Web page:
2. When writing backend code you typically have access to vital resources that the frontend does not, such as database connections, so you have to be extra cautious to secure your code against potential attackers. Remember that your code is being consumed by any amount of unknown persons at any time via the endpoints you expose. Thus you should strive to remove old, outdated code as quickly as possible and keep your backend codebase slim. This includes libraries which may just be the most important part! Don't use them unless they provide meaningful assistance, save time and are being continuously updated. It's your job to keep them updated in your project too and you should do that. Again, keeping your code and your dependencies simple will save you headaches down the road even if you're work is never exploited do you want to sift through 500 dependencies to find a bug? Didn't think so.
  3. Much of this is similar to above but the number one thing to remember here is that your code is running on any arbirtrary machine that accesses it. That means that no matter how secure your code may be you can still leak information and vital assets by simply having too much there. Keep your dependencies simple, your API information, any critical information especially. Don't let your code get so complicated that you forget about some arbitrary key buried deep within the code and suddenly your backend team is spamming you on Slack about a vulnerability. Frontend software has libraries as well and you should also keep them simple if only for the sake of your users who could end up in hot water for your mistakes if you're using vulnerable code. Frontend applications are desktop applications in scope so your code is running entirely on the users' machine, don't forget that.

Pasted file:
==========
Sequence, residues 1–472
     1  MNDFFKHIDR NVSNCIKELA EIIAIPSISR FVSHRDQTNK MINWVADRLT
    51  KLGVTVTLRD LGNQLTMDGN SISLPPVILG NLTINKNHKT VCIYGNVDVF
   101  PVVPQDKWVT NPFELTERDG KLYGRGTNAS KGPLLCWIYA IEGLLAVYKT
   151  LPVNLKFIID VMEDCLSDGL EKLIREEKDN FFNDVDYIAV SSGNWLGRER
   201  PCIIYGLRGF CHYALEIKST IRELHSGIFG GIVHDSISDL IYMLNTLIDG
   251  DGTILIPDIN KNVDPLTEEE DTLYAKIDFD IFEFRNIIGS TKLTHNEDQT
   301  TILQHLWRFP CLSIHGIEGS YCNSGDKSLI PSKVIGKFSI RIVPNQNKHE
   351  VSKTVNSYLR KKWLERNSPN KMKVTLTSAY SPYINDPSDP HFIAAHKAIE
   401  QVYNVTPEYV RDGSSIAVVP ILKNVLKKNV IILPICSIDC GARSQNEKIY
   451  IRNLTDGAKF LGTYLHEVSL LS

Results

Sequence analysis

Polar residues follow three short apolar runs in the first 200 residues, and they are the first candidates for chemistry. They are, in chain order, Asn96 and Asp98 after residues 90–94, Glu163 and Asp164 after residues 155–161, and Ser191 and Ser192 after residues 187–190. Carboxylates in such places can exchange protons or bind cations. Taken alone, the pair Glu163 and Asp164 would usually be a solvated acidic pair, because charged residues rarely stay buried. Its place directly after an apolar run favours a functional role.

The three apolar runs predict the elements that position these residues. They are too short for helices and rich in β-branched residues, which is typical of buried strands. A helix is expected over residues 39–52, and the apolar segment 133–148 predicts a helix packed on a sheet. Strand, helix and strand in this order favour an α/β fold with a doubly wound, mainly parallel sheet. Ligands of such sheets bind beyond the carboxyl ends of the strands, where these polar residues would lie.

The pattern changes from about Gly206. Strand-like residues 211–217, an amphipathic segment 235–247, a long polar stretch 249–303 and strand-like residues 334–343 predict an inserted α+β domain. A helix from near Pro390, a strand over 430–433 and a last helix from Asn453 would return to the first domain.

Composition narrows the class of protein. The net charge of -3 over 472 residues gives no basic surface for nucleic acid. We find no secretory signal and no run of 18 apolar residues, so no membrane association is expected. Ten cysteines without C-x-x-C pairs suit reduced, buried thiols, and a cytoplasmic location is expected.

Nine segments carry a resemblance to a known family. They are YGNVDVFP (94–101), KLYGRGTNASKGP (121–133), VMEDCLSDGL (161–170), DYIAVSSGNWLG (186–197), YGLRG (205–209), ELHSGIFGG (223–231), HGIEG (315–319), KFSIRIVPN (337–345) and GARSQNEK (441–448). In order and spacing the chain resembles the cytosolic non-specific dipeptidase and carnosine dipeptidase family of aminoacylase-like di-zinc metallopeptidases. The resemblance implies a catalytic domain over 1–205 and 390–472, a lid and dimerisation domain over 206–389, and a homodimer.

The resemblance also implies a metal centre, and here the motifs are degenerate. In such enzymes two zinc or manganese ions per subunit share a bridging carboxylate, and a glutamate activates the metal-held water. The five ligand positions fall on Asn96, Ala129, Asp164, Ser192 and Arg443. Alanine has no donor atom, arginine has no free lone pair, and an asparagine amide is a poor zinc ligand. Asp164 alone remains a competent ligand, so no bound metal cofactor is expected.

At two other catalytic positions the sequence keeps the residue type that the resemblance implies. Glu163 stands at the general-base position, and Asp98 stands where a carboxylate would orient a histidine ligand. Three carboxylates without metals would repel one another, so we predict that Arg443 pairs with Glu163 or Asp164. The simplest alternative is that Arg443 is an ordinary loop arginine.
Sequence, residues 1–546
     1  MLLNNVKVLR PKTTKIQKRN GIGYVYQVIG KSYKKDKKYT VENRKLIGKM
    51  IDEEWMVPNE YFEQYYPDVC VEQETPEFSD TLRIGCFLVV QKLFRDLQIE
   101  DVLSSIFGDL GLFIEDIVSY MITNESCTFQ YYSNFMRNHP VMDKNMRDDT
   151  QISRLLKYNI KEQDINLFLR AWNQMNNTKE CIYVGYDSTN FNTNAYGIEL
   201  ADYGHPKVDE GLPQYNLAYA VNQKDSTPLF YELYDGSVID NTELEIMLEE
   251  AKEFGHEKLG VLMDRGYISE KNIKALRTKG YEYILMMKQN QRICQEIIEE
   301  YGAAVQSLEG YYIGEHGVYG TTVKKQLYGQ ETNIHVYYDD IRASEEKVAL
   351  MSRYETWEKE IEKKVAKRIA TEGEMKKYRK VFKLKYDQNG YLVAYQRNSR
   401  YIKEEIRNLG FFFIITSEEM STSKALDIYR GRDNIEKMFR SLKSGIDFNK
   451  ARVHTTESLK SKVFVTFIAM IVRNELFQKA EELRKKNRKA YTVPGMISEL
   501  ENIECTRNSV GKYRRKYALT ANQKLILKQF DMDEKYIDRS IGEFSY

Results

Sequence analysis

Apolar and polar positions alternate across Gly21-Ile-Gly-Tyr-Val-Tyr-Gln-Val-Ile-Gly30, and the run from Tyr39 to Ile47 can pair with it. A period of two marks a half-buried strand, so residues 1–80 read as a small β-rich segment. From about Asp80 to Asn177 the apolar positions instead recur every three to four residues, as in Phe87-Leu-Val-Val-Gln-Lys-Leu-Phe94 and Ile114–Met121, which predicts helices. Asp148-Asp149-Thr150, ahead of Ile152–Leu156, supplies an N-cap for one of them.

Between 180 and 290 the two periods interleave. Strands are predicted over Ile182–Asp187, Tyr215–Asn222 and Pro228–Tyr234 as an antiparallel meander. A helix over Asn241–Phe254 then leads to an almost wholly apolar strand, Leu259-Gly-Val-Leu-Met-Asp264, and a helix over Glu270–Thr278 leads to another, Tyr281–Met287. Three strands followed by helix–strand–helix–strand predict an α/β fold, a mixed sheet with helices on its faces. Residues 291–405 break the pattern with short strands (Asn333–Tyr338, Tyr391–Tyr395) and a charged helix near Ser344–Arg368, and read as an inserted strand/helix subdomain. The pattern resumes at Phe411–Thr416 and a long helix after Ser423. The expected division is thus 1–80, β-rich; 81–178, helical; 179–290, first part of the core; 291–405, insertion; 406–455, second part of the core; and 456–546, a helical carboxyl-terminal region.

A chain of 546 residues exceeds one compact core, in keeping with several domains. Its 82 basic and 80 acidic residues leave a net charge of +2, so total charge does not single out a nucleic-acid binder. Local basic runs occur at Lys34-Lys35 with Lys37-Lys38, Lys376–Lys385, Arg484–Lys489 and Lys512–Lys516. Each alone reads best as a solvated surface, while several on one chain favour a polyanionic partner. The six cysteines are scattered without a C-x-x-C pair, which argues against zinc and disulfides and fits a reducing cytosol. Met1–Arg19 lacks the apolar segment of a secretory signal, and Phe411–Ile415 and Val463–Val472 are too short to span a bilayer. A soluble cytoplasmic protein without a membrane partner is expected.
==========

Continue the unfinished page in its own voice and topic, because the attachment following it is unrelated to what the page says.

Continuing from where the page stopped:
4. Similar to #3 mobile apps are typically restricted from your platform by communicating exclusively via API calls. That doesn't mean that you shouldn't keep it simple, consider this: You allow file upload and the backend developers are terrible at their job and allow anything to come through and be processed (okay, this is not the best example but it gets the point across) assuming it will be covered by validation on the frontend - but the library you npm install'ed hasn't been updated in 5 years and now allows arbitrary files. You've just opened yourself up to a portential attack vector.


The plan is simple, think about what your infrastructure, code, etc. needs and do that and nothing more. Furthermore make sure that nothing more is even possible. Impress your boss with the knowledge of platform needs and what should be shed as dead weight from the project 😎

Consider checking out Dependency Hell, Slow Down! and Clean Coding for some equally important and similar views.

Other Resources



Senior Software Developer working with software since age 17 (all the way back in 2008!)